August 13, 2007 / 8:24 PM / 12 years ago

Scan sees brain activity in 2nd vegetative patient


By Maggie Fox, Health and Science Editor

WASHINGTON, Aug 13 (Reuters) - Scans have shown near-normal brain activity in a second patient who is in a vegetative state, British researchers reported on Monday in a study that may show a way to predict who is likely to recover from the usually hopeless condition.

And they said a woman who made headlines last year by playing a game of tennis in her mind has recovered somewhat from her vegetative state — suggesting the theory may be correct.

Adrian Owen and colleagues at Britain’s Cambridge University started a debate when they reported in September on a woman who had been in a vegetative state for six months since a car accident.

A vegetative state is far more serious than a coma — patients have reflexes, but there is no indication they are in any way conscious. Patients in a persistent vegetative state, lasting for more than two years, have virtually no hope of recovery.

But because reflexes can be misleading, doctors often struggle to categorize and diagnose such patients.

Using functional magnetic resonance imaging to look at the brain’s real-time activity, Owen’s team asked the woman to imagine she was playing tennis or walking through her home. To their surprise, her brain lit up, showing activity in all the sites that be would expected.

Her scans showed brain activity nearly identical to that of healthy people asked to perform the same task, Owen and colleagues report in the Archives of Neurology.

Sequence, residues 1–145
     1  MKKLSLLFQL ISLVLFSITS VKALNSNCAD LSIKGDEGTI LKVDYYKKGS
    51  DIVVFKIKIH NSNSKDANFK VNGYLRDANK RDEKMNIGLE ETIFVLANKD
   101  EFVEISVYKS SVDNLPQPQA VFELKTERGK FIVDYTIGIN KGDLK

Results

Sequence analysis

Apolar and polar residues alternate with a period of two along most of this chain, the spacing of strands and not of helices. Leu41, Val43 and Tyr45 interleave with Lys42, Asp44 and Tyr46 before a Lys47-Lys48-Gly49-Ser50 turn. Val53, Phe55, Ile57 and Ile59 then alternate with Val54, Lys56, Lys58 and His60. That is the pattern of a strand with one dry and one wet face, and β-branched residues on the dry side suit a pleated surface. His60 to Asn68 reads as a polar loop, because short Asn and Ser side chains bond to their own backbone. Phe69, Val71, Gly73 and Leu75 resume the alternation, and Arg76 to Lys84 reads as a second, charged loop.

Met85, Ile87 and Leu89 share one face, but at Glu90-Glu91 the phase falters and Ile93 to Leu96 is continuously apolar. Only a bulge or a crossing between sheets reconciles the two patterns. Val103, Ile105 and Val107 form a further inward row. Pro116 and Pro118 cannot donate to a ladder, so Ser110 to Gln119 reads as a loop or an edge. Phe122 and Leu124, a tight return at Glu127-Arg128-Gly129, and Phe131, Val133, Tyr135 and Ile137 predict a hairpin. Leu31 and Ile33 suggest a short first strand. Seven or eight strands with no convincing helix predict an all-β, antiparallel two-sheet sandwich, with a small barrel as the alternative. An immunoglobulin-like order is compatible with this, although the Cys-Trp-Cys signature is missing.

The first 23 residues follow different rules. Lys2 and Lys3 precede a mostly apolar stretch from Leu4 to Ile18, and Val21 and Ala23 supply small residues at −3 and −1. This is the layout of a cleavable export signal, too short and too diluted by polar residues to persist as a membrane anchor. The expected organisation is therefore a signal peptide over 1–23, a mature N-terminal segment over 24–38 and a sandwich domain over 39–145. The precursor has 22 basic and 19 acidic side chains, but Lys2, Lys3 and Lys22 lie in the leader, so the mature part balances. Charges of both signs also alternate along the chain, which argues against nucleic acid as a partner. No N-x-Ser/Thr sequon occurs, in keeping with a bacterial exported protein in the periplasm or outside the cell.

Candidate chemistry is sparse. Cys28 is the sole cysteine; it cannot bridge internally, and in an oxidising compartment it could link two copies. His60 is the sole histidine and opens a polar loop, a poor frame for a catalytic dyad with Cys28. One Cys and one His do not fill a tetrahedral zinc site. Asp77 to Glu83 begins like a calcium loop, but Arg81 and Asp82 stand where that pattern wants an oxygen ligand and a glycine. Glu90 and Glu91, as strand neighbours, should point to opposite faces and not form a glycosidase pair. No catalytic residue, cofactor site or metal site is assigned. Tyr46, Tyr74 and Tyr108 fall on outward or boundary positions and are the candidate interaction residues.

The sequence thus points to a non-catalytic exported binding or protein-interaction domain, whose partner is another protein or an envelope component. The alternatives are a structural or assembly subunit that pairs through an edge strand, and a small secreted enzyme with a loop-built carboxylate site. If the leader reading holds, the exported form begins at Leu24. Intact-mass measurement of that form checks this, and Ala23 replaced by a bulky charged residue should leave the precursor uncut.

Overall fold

TRAMAUTIC INJURY

Owen said his team has tried the scan on 10 other patients, but got a response only from one, a man in his 30s in a vegetative state after a severe beating. "We put him in the scanner and we had exactly the same responses," Owen told Reuters.

Owen said it is important not to over-interpret the findings, although it may be possible to predict who is likely to recover. "We don’t want to raise false hopes or make people think all minimally conscious patients are aware," he said.

And the first patient is improving.

"About six months after we scanned her, she started to show the earliest signs of improvement," he said in a telephone interview. "She is now in a minimally conscious state. She is able to produce responses occasionally but not consistently."

So far, Owen said, it appears that people are more likely to recover from traumatic brain injuries than losing consciousness because they lacked oxygen — such as Terri Schiavo, a Florida woman who spent 15 years in a persistent vegetative state and was allowed to die in March 2005 after a long legal battle.

The bad news is that no one yet knows how to help such patients recover, although researchers reported this month on a patient who improved after deep-brain stimulation.

"To be perfectly honest, there is as yet no treatment or intervention that has been empirically tested and shown to be beneficial in this patient group," Owen said.





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